Despite the cold temperatures of South Dakota a number of fruit trees can be grown successfully in the state. These include apples, pears, cherries, apricots, plums, raspberries and strawberries. Certain varieties are recommended over others based on the general growing conditions in South Dakota, the reliability of the crop and the level of disease resistance.
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In apricots sungold and moongold are the two hardy varieties that are recommended for South Dakota. Though the varieties are hardy enough to bear the harsh climate, the blossoms are highly susceptible to damage by the early spring frosts. Apricots are not self fertile and both varieties have to be planted for best fruit production. It is best to plant apricot trees on the east side of the house as this leads to a delay in the appearance of blossoms whereby increasing their chances of surviving the spring frosts. Apricot trees reach a mature height of over 30 feet and start to bear fruit during the third or fourth year. A standard size apricot tree yields up to three to four bushels of fruit.
All the tart cherry varieties are recommended for South Dakota as they are hardy enough to withstand colder temperatures. Tart cherries are also self fertile and planting one tree is enough to produce a good crop. However cherry trees are early bloomers and hence there are chances of the flower buds and the young fruit getting damaged by the spring frosts. Recommended varieties of tart cherries for South Dakota include north star, meteor and mesabi. Cherry trees can grow up to 30 feet or more. Cherries generally do not extended summers and need to chill out during the winter. Cherries are highly attractive to birds who can clean out an entire tree in half an hour.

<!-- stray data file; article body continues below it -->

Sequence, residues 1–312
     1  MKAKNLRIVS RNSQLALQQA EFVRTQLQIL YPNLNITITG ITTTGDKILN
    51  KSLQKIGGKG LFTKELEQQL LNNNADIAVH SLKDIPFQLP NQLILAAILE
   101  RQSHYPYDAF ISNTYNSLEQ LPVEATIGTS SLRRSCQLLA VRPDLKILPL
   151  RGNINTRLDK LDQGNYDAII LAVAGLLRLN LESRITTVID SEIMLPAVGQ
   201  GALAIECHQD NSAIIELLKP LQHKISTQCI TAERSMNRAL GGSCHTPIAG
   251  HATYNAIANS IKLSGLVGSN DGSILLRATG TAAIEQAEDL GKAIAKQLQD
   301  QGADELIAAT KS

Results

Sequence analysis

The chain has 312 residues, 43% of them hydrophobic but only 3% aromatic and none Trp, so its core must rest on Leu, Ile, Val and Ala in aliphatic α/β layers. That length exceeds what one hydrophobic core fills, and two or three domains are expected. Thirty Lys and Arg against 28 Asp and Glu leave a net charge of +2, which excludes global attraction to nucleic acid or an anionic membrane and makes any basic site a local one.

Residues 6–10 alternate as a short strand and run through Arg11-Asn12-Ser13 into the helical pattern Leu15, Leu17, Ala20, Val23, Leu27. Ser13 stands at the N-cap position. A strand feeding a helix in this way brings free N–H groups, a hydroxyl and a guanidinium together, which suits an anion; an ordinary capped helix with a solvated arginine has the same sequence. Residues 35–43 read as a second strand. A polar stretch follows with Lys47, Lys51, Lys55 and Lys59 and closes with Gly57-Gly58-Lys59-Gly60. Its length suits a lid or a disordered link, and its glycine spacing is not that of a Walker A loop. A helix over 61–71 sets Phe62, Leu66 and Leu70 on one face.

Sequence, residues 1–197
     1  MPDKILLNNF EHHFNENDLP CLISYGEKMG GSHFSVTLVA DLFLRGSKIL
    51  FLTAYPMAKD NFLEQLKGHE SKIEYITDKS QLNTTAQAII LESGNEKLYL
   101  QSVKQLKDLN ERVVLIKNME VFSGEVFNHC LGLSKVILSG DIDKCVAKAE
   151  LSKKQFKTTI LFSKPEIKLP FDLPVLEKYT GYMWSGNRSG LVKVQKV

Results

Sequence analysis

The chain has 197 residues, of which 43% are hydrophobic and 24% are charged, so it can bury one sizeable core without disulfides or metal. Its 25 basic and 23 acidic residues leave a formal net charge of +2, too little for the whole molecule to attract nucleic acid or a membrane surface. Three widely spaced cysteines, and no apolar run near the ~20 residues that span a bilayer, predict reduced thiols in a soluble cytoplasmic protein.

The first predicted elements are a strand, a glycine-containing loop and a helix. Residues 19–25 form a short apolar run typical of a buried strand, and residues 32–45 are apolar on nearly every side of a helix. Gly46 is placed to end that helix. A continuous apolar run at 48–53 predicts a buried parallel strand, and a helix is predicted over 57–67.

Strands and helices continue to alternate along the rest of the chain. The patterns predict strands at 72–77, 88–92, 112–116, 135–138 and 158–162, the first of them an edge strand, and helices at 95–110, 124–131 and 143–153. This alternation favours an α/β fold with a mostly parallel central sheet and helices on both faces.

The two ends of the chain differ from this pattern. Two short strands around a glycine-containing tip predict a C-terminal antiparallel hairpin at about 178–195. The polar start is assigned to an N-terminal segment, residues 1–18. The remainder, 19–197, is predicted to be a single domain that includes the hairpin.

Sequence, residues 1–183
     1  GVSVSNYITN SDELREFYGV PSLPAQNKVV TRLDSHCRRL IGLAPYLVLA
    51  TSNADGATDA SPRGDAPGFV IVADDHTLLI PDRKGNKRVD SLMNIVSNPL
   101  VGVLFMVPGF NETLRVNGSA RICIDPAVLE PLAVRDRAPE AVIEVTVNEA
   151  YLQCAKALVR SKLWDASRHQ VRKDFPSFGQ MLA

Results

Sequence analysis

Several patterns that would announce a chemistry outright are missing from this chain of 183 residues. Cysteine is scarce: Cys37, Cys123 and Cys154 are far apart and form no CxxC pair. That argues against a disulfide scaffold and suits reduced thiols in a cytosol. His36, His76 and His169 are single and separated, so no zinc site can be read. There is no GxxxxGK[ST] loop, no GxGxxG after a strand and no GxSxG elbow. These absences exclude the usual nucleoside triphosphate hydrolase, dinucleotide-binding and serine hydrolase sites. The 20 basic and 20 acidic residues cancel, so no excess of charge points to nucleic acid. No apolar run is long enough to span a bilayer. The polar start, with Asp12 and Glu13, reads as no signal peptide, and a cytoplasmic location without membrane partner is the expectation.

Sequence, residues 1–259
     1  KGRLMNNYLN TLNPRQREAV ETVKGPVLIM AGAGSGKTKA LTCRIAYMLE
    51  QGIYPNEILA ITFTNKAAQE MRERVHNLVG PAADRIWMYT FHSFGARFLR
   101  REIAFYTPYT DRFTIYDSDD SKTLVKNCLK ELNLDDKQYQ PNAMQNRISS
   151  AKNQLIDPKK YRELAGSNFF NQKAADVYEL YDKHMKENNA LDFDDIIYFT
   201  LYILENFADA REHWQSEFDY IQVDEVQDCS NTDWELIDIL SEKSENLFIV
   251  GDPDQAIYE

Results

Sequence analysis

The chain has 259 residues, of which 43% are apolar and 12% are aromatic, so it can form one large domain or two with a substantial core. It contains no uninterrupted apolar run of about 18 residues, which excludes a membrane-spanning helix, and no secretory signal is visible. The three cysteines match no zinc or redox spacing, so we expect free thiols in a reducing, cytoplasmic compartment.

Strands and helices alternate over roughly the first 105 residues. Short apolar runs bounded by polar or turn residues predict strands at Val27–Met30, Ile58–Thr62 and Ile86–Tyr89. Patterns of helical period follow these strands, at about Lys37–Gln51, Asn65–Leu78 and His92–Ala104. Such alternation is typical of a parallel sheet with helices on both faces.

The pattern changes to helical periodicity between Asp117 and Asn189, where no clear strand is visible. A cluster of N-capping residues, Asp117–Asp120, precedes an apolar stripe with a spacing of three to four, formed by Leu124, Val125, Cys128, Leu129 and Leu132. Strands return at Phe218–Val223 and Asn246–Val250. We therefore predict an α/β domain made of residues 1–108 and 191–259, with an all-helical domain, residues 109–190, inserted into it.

Peach trees grow very well in South Dakota since the fruits grow well in zones 4 to 8 and especially in zone 6. Most of the peach tree varieties are self fertile hence there is no need for an additional tree. Peaches rate second in popularity after apples. Peach trees require specific chilling hours below 45 degrees F to break their dormancy and start to flower. The majority of peach trees are cold hardy to temperatures of up to -5 degrees F. A few varieties like reliance, china pearl, and intrepid are resilient enough to withstand temperatures of -20 degrees F. Some good varieties include red globe, loring, suncrest and Madison.